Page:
J.P. Morgan seeks documents from Manhattan DA in Epstein case
NEW YORK (Reuters) -JPMorgan Chase & Co is seeking documents from Manhattan District Attorney Alvin Bragg as part of a lawsuit against the bank by women who say they were abused by the late financier Jeffrey Epstein, court records showed on Thursday.
A lawyer for Bragg took part in a May 16 telephone conference in the case alongside lawyers for the victims, the bank, former JPMorgan private banking chief Jes Staley and the U.S. Virgin Islands, where Epstein had a home, the Manhattan federal court records showed.
U.S. District Judge Jed Rakoff instructed Bragg to provide JPMorgan with a privilege log - or a description of documents the bank was seeking that he says he is not required to turn over - by Friday.
A spokesperson for JPMorgan did not immediately respond to a request for comment."
A spokesperson for Bragg said: "A protective order is in place, so we cannot comment on the nature of the requested documents."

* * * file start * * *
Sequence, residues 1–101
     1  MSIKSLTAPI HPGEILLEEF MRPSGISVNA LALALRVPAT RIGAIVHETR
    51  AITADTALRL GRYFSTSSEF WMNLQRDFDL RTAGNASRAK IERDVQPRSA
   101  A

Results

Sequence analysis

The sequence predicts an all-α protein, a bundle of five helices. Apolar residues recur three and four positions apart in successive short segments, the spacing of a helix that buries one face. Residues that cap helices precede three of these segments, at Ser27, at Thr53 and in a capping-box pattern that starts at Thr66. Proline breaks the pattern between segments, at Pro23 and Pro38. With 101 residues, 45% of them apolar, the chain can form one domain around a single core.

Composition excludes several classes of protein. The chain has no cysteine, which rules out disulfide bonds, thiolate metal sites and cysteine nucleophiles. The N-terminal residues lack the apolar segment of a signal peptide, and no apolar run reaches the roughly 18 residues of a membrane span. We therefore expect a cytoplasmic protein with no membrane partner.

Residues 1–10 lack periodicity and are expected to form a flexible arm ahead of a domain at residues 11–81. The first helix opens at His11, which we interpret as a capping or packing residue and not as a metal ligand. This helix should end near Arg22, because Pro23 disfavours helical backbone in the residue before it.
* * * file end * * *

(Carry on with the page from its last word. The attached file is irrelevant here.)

JPMorgan's request came to light after Deutsche Bank AG agreed to pay $75 million to settle a lawsuit by women who accused the German bank of facilitating Epstein's sex trafficking.
Rakoff has said JPMorgan could be liable if the women can show that Staley, who had been friendly with Epstein, had first-hand knowledge that the financier ran a sex-trafficking venture. Staley's lawyer has called allegations against him "slanderous." His lawyers did not immediately respond to requests for comment.
JPMorgan is separately suing Staley - who led its asset management business from 2001 to 2009 and its corporate and investment bank from 2009 to 2013 - to cover its losses in the two lawsuits it faces, and make him forfeit eight years of pay.
Staley has asked Rakoff to dismiss the bank's case, accusing JPMorgan of using him as a "public relations shield" to deflect blame for its own failures in working with Epstein.
In its lawsuit accusing JPMorgan of enabling Epstein's abuses, the U.S. Virgin Islands said Epstein and Staley swapped sexually suggestive messages about young women, including an email that Rakoff quoted where Staley said: "That was fun. Say hi to Snow White."
Epstein died by suicide in 2019 in a Manhattan jail cell while awaiting trial on sex trafficking charges.
(Reporting by Luc Cohen in New York; Additional reporting by Nupur Anand; Editing by Chizu Nomiyama and Daniel Wallis)